According to a further desirable feature of the invention, the present process enables the mixing to be carried out in hot water, at temperatures exceeding 50 C., thus enabling a very fast setting and the removal from the mould three to four hours after pouring: this avoids, in the prefabricating technique, the use of high-cost heating moulds.

The process according to this invention was developed after systematic investigations carried out in relation with the inhibitive power of wood affecting the setting, crystallization and hardening characteristics of hydraulic binders.

It was found that after having completely exhausted, by lixiviation in boiling water, the various water soluble constituents of wood, the sawdust treated still showed a substantial inhibitive effect on the setting and more particularly on the hardening of cement, and that irnmediately upon mixing of the concrete or mortar a chemical action of the binding agent on the various constituents of the wood developed.

Thus, all known processes where sawdust is treated by a base, and specifically by lime, or such processes which do not provide for effectively isolating the cellulose particles from the cement, yield a hygroscopic and dimensionally unstable product.

It has been found after a series of tests that in order to obtain a fast-setting wood based concrete, having desirable mechanical properties, the cellulosic material should be waterproofed rather than mineralized, and to provide a chemical binding whereby the cellulose particles form an integral part of the concrete and do not solely behave as a ller. Finally a neutralizing agent should be incorporated in one of the phases of the concrete, which is adapted to react with such concrete-inhibiting bodies as might still occur in the free state.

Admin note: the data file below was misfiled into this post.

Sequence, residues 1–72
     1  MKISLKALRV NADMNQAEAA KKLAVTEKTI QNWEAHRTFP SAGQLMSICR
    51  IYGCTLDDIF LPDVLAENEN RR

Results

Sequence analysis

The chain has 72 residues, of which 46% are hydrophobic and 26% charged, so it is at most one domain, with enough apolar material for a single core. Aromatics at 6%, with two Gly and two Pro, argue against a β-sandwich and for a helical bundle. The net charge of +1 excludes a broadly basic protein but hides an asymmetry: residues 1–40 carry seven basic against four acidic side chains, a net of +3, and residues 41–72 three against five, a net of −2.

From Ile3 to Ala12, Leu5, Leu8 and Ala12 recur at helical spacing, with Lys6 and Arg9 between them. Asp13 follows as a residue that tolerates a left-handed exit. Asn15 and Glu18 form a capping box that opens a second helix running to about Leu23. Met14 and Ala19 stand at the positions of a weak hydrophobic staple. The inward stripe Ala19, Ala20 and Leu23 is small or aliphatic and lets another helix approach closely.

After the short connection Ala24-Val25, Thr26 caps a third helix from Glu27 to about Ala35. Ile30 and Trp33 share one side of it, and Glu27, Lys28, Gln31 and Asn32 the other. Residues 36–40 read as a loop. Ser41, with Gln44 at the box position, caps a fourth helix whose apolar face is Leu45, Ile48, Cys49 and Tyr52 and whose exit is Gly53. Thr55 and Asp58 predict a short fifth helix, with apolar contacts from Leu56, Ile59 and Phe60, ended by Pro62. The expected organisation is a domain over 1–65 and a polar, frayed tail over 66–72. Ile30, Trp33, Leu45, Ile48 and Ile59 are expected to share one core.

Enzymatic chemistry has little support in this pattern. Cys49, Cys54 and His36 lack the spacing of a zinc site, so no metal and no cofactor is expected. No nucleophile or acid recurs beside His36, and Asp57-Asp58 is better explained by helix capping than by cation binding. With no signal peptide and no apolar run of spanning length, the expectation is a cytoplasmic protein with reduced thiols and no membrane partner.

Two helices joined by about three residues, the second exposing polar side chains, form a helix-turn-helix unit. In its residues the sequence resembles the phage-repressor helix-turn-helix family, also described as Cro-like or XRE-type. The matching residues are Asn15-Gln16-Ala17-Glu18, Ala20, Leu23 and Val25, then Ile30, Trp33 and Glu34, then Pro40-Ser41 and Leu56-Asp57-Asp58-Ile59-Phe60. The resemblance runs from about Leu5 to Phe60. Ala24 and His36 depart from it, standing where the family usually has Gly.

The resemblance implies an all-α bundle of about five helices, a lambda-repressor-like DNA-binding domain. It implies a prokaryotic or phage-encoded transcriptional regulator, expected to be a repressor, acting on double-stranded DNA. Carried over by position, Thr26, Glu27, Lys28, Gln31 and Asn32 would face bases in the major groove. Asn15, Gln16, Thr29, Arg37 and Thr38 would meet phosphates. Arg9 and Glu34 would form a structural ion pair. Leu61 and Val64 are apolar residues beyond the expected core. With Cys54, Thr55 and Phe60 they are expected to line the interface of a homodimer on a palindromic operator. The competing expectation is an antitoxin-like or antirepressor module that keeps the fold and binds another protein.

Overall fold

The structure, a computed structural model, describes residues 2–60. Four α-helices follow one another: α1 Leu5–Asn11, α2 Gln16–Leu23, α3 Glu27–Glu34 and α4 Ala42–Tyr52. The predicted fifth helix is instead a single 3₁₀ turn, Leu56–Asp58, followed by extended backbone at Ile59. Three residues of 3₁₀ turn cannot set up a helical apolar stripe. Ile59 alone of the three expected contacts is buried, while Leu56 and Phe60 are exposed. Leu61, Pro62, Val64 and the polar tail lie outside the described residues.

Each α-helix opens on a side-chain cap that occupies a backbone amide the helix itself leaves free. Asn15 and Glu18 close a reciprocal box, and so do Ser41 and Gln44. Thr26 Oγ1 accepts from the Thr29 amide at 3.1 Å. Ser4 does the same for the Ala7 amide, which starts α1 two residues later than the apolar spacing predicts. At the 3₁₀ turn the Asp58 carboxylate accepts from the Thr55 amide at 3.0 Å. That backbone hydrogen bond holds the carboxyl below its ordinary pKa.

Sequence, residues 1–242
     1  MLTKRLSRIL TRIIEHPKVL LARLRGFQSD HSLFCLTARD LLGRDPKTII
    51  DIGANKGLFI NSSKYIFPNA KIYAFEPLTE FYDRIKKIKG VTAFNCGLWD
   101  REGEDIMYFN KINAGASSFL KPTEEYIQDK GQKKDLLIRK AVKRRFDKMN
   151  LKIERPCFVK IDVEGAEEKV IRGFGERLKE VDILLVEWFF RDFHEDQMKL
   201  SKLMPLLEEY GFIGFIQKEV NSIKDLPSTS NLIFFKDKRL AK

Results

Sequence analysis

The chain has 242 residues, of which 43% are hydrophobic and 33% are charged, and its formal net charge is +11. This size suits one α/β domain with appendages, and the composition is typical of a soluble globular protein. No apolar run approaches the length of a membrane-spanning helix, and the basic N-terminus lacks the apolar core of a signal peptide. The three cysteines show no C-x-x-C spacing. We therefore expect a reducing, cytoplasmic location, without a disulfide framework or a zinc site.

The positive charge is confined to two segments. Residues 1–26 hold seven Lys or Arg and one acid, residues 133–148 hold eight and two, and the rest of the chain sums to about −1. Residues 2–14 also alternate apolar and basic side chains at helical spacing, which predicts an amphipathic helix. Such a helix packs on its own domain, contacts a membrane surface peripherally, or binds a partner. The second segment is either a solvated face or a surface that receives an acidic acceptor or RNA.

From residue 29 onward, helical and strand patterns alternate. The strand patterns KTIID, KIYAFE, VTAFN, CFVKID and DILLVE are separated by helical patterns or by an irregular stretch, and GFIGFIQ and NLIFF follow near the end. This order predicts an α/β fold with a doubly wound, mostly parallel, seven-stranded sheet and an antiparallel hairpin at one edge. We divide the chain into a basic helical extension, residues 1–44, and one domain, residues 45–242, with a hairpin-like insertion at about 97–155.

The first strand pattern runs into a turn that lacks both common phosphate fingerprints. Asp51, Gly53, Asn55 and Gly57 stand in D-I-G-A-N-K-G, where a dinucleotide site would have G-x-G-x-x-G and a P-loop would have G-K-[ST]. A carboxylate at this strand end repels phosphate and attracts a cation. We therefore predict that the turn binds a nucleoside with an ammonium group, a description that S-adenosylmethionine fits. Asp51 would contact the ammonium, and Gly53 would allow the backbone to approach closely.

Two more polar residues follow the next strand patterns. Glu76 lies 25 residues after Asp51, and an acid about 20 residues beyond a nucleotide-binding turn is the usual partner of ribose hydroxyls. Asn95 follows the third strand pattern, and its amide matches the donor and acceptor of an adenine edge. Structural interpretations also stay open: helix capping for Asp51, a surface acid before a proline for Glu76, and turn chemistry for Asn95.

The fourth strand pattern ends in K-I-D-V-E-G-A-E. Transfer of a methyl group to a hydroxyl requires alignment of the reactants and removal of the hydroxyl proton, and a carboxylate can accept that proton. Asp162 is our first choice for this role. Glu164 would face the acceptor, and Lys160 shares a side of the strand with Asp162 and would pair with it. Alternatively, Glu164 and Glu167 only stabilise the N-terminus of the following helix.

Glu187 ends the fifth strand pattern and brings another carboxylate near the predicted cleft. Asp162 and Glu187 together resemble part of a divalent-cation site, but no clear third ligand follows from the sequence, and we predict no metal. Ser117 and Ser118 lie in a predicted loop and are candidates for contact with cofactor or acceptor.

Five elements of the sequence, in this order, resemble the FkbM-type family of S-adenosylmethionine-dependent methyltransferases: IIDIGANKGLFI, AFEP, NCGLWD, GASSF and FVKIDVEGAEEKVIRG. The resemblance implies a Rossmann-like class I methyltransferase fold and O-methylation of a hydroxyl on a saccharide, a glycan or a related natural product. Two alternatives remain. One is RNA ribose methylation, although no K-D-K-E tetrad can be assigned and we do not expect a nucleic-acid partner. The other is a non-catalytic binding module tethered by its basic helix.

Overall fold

The invention will now be explained in greater detail, taken in conjunction with examples illustrating its various applications and how the same may be performed.

According to an embodiment of the impregnation step in the method according to the invention, the cellulosic material is cleared off its smaller fragments by preliminary screening and left to soak, in bulk or in containers formed of a fine wire gauze, in an aqueous metal sulfate solution, having a concentration ranging from 0.25 to 10% of sulfate, and, preferably from 0.5 to 4%, by weight. The impregnation may be carried out at room temperature and may last from 5 to 24 hours; it was found however that a treatment effected at a higher temperature (from 70 to 100 C.) provided a more complete reaction between the solution and the cellulosic material and allowed the soluble constituents of the material to be more readily dissolved; this hot treatment enables the soaking time to be reduced to 45-150 minutes. The soaking time may be further reduced and the osmotic in terchanges activated by applying to the solution a pervibration of the order of 100 to 1000 c/s., or more.